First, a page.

Wednesday, 4 April 2012

The Online Edge

Apps and Websites for Melbourne Cyclists...

Bay Winds Page – For anyone who rides beach road regularly, this website is a must. We all know how strong the winds are in Melbourne and anything above a 25 knot headwind on beach road is a bit of a pain. This page allows you to monitor the direction of the wind and the strength, in real time. The site is updated fairly regularly, about every 20 minutes I believe, and includes a whole raft of other information including, temperature graphs, rainfall statistics and tidal activity. This is all interesting – and no doubt essential for sailors (who I think the page was originally intended for), but for us cyclists, it’s the wind data that is most useful. The page lacks any bells and whistles, which is refreshing, and helps with load times on mobile devices. I’m not entirely sure who to thank for this priceless resource, the disclaimer states that the page ‘used to be’ hosted by the University of Melbourne School of Earth Sciences, I suspect it is now hosted by some weather obsessed individual! And to them I say thankyou!

Oz Weather App – Ok, this is a bit of a no-brainer, but as my most frequently used app, I have to include it here. Unless you are some sort of sadomasochistic individual that gets pleasure from riding in wind, rain, and hail, most people like to avoid poor conditions if possible. This app allows you to track weather patterns using the radar functions. If poor weather is approaching your can estimate when it’s going to hit and make an educated guess on whether it’s heading for you! This is particularly useful for commuting, you are able to monitor the page and time your ride to or from work so that you miss the worst of the weather. Of course, the app has all those other weather functions that are useful for planning your rides, like long term forecasts for Melbourne and many other Australian cities.

Cycling Profiles Website – This website is simply brilliant, something I wish I’d thought of! The site lists heaps of rides around Melbourne and beyond, when you click on a ride you are given a map and a profile of the ride, with all of the crucial info included; the distance, the elevation, major features to look out for, and the classification, distance and percentage incline of the hills. The site collaborates with many clubs Northern Combine, Brunswick etc.) and social ride organisers (Cycling Victoria, Cycling Australia, Bicycle Victoria), and many professional charity ride organisers (Amy Gillet Foundation, Audax) so If you are doing a mass participation event, there’s a good chance your ride will be on here. The site has the double function of providing a ride calendar, so you can plan which charity/recreational rides you’ll fork over the dough for this year! People can submit their own ride profiles and the rides under the ‘Melbourne Popular’ category are a priceless tool for injecting some variation into training schedules. The site is easy to use and navigate and is regularly updated. With plans to expand the site for other states – I can see the popularity of this site will rapidly grow.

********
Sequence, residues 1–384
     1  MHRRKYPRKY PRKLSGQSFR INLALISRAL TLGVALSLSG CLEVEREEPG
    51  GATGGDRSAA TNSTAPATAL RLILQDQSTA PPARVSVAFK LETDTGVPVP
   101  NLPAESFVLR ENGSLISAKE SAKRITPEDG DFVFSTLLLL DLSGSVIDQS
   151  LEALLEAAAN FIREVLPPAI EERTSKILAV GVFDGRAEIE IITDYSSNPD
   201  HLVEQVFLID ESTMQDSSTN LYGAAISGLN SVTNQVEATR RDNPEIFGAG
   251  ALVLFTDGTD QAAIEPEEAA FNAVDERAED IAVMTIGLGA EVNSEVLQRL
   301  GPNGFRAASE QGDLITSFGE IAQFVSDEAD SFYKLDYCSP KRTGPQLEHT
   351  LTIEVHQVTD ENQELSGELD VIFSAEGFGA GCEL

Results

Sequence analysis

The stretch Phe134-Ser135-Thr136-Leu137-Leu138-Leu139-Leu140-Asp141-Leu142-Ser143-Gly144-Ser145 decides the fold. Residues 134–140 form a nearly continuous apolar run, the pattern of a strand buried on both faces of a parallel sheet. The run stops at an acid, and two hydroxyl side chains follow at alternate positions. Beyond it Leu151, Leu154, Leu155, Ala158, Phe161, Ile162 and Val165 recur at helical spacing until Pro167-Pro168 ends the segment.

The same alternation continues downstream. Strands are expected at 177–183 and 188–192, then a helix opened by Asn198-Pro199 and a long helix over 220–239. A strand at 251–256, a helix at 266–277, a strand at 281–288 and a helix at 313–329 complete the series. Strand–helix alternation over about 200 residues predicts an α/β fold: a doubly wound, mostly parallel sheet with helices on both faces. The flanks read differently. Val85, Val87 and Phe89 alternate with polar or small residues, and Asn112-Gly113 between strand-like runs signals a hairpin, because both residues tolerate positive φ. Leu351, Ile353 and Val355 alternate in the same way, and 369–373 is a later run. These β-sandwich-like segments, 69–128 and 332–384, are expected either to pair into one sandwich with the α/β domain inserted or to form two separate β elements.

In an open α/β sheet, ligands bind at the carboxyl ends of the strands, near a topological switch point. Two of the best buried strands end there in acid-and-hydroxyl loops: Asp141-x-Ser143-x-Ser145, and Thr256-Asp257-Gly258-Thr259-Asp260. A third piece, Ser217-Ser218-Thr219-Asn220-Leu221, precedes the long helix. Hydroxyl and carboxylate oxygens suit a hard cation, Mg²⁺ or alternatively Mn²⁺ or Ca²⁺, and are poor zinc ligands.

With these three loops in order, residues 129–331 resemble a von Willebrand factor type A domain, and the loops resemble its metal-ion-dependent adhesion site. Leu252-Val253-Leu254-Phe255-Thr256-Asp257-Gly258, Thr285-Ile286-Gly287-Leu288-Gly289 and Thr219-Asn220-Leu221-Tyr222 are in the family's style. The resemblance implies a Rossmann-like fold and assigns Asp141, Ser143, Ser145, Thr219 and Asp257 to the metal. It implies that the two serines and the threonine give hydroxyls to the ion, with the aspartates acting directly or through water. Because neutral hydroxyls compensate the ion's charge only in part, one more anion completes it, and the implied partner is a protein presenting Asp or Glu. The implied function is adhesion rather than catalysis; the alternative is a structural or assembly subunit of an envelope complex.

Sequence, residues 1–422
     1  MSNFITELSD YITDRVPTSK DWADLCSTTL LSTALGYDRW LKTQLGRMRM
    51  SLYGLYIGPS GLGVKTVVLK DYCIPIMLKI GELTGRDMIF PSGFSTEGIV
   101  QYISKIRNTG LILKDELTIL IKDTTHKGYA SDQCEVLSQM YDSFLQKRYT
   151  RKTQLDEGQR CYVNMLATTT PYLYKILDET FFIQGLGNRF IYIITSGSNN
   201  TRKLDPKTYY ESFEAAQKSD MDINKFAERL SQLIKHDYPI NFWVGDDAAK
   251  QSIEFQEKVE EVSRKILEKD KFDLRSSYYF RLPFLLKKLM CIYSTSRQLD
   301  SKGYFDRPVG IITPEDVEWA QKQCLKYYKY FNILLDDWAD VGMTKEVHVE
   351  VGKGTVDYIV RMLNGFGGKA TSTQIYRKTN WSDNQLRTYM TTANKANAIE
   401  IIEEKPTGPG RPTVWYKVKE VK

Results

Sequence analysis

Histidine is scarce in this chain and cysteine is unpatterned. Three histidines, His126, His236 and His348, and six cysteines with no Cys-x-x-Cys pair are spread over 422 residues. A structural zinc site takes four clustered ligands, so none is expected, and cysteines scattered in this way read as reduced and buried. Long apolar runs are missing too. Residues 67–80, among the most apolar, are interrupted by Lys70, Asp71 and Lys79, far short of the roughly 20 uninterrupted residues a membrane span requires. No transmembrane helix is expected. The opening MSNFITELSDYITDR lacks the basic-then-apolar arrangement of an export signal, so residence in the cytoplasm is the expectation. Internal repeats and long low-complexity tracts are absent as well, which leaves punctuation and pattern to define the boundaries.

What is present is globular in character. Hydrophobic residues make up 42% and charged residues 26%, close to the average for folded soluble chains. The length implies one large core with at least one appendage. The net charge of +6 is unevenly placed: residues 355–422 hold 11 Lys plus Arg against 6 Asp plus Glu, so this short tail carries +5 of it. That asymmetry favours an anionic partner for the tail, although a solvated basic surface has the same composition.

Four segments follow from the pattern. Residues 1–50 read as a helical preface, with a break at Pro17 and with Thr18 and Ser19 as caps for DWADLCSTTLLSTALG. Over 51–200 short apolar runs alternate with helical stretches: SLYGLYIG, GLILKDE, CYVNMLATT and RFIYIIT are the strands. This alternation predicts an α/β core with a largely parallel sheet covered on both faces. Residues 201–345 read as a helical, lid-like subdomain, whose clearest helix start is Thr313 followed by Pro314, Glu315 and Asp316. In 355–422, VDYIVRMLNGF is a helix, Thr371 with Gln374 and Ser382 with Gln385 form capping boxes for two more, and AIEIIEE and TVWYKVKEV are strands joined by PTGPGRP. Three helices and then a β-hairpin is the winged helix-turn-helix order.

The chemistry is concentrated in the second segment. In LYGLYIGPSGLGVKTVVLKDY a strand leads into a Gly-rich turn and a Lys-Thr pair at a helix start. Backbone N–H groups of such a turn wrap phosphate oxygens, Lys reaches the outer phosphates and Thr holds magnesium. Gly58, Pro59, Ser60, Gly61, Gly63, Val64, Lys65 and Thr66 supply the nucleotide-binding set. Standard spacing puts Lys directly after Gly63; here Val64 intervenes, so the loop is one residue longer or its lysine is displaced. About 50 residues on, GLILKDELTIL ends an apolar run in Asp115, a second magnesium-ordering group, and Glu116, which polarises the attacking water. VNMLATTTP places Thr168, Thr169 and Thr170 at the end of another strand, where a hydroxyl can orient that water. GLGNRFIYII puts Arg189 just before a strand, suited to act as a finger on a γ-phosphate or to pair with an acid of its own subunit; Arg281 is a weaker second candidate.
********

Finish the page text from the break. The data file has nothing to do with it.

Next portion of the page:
Log Your Ride App – There are a million fitness related apps out there and about half of those are related to logging or tracking your run or ride. This is just another one, but it is one that I’ve found works quite well. It’s relatively easy to use, it has a wide variety of functions and for those stat hungry cyclists – you can track just about everything, including heart rate and post it to your own personalized web page for analysis and gloating! After your ride you can see a map of exactly where you went, your total time, your distance, and your average pace, all of which can be compared to your on-board cycling computer for verification. And, as a little bonus, you can control your music through the app and you can program a chime to sound in your ears every time a kilometer clicks over (this can get a little annoying after while). The app is probably best used for multi-day tours or those closely tracking their training before a big event. Despite all of this, I must confess that I use this app fairly irregularly, and I don’t even try to use it if I know I’m going to be cycling through 3G blackspots (I’m with Vodafail so that means pretty much all of Melbourne!). I’m sure that all of the features listed pale into insignificance when compared to the features of a Garmin Edge, but for those of us without that sweet bit of kit, Log Your Ride is a pretty sweet alternative.

Bicycle Network Bike Event Calendar – There are many calendars available, but I find this one to be the most comprehensive. If you are like me, and you want to limit the amount of recreational or charity rides you do per year (mainly ‘cause they are so expensive!), this is a great site for helping choose exactly which ones to do. The site does not include competitive club road races and criteriums, you’d have to go to a club website for that sort of thing, but if you want an idea of what sort of community events are coming up – check out this website.

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